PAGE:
Bruce Dern gives a great performance as Woody Grant. I really love all the performances nominated for the best actor Oscar this year, they’re all really deserving of the win. Well, not so much for Christian Bale, whose slot I feel should have gone to Tom Hanks or Joaquin Phoenix but anyway…I just love how the actors added so much layers and energy to their roles despite the fact that their characters aren’t exactly the most complex (maybe only McConaughey). For the majority of the film, Dern plays a very quiet observer role, which is very different from his other nominated performance in Coming Home (1978). You can feel that his character is not slow in the head per se as everyone is assuming (he is in fact quite sharp and knows how to troll his son in one scene). He actually knows what is going on but he chooses to ignore them and live in his own world. He really shows how worn out and regret-filled Woody is without saying much, and how little he really needed just to be content. This quiet intensity is a true testament to the strength of his performance. His expression towards at the final scene while he was driving through the town is really marvellous. Well what do you expect, you know how crazy I go for subtle performances.
While Dern gives a quiet performance, June Squibb on the other hand gives a loud performance as his wife Kate Grant. I’m going to say something absolutely unpopular: while everyone is going Lawrence versus Nyong’o, Squibb’s performance is the one that really stuck with me in this weak supporting actress line-up. I just love swearing old ladies :p But more importantly, she managed to balance the tender moments very well. I was very impressed with the scene where she defended Woody from his family members (“Don’t you DARE think about asking that poor man for money”) and the scene where she kissed Woody and said “You big idiot” or something like that…Anyway, the tender moments were really moving and natural, and it really shows how she still loved her husband despite insulting him all of the time. Of course, her comical moments are dead on too, but I actually liked some of the subtle bitchy expressions she gave, like her “are you fucking kidding me?” expression when the waitress recommended tilapia. Another favourite scene of mine is when she tries to divert the attention of this elderly couple after her sons break into their house, it’s just damn funny (that whole scene was hilarious). Anyway, her character is a cliché and some of her lines come across as a bit try-hard but overall I felt that she gave the most genuine and natural performance.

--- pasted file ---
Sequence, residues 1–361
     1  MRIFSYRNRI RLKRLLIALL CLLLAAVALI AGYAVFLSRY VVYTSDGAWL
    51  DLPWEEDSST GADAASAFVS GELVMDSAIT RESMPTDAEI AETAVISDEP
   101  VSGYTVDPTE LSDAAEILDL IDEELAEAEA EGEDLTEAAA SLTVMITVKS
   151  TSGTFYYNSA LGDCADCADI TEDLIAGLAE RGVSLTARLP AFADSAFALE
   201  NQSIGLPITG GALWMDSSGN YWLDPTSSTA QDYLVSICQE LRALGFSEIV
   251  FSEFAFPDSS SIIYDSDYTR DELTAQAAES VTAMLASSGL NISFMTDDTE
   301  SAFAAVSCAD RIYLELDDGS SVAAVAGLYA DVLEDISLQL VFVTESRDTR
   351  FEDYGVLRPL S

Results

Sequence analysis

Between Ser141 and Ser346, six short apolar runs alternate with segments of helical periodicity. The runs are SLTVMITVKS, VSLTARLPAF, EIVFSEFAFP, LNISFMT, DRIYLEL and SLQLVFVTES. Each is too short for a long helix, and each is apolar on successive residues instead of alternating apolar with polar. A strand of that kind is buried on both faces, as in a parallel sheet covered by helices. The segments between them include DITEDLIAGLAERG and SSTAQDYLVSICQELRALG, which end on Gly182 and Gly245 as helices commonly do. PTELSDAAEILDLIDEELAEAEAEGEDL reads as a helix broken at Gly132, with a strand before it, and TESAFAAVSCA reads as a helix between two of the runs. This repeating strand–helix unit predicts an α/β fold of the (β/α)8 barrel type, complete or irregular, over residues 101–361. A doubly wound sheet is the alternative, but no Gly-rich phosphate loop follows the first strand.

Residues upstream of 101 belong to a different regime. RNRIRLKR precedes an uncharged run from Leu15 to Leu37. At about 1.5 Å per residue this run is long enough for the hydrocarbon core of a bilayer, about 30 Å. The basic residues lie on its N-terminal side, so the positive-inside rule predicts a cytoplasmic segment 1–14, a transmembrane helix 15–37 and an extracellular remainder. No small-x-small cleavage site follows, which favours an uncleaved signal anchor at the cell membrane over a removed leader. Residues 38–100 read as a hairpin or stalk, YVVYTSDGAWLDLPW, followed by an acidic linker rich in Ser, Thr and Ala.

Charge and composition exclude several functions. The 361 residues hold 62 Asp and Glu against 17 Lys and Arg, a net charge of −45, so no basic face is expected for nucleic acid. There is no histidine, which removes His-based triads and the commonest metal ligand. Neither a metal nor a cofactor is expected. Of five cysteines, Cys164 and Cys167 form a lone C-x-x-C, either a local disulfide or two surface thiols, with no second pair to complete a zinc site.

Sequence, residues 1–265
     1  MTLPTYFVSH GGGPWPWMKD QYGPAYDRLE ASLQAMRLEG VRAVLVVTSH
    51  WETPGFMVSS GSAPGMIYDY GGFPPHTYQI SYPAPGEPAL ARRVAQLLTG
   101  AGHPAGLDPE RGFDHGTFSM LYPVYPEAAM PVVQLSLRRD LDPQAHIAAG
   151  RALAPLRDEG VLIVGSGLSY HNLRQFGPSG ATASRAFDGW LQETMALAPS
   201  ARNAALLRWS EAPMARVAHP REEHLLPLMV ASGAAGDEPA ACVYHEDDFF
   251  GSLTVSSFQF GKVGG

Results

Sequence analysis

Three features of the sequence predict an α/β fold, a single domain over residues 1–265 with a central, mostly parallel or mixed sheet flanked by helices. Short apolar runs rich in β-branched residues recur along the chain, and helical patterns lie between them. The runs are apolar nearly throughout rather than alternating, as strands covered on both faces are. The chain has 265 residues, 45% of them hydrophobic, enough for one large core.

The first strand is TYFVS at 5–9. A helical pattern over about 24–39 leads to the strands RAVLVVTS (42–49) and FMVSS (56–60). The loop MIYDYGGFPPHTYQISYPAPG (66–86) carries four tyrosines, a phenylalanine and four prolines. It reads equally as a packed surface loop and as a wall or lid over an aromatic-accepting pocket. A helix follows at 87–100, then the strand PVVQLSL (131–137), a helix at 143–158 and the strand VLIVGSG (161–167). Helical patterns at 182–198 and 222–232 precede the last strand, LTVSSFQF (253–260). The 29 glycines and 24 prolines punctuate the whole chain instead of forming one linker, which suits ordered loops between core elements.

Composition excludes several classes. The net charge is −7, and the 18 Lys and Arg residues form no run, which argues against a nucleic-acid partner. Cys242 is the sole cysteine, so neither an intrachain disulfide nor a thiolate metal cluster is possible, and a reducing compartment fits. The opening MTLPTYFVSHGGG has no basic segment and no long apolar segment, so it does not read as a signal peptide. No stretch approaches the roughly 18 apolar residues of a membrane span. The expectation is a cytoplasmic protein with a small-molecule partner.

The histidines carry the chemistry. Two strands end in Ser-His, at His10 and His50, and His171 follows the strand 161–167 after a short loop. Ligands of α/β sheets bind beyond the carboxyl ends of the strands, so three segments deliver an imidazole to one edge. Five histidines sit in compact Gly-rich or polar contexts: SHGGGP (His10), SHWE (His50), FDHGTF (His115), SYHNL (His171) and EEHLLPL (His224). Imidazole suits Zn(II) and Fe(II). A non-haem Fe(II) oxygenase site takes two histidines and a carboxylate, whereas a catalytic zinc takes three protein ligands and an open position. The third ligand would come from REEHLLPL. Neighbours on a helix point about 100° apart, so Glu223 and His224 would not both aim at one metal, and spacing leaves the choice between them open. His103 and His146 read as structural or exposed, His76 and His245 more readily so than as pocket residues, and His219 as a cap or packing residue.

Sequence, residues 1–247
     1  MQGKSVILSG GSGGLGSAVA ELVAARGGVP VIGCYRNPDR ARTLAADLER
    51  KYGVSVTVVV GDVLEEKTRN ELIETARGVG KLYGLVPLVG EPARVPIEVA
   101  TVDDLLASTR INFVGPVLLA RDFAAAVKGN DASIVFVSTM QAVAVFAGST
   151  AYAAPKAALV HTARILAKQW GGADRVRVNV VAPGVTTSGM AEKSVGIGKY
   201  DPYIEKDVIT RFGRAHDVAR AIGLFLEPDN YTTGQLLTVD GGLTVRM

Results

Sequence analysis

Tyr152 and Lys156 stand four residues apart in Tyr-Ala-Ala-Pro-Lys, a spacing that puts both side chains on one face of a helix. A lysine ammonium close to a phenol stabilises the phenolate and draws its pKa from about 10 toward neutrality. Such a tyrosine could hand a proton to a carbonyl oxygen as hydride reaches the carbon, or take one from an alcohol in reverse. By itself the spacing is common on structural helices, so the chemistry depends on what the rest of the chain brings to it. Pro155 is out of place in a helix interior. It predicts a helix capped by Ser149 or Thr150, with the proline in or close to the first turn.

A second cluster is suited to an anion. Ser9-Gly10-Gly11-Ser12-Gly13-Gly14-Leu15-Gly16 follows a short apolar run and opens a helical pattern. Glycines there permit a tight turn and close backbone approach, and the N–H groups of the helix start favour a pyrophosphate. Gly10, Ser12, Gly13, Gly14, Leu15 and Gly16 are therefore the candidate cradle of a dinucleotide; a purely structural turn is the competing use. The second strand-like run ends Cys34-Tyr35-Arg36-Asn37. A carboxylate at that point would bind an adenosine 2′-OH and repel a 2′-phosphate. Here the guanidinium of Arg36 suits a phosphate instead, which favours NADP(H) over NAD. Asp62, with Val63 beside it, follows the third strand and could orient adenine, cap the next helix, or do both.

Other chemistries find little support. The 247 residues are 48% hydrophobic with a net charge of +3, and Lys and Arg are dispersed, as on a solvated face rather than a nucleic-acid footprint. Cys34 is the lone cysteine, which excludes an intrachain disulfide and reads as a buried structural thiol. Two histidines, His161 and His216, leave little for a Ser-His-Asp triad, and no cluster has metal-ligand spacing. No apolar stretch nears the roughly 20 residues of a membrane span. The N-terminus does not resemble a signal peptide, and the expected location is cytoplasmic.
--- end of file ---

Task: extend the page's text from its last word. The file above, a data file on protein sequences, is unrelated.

The rest of the supporting players are fine, but I must really give a shout-out to Stacy Keach for his truly remarkable performance as Woody’s slimy “friend” Ed Pegram. The scene in the bathroom alone is so naturally menacing that I got the chills watching him threaten David. I’m biased, but I think I’d have given him a nomination…over Bradley Cooper. Still, no one has a chance of Jared Leto, who will be one of my favourite winners ever in that category. By the way, my admiration for American Hustle has drastically dropped over the past few days as I got to mull over it. Let’s just say that as of now, I only agree with the costume design and production design nominations.
Alexander Payne’s direction is really great here, he really constructed the slow, sleepy atmosphere of the town very well and still maintains it even in the tense dramatic moments. I also like the use of black-and-white because it brings out the mood of the film, along with the very effective score. The cinematography was beautiful as well, I was really taken by all those shots of the scenery despite them having no colour.
Overall, Nebraska is a charming film that may not be everyone, but I enjoyed it greatly. It’s predictable and formulaic but moving and sad at the same time. I might even rank it above Dallas Buyer’s Club actually. 4/5.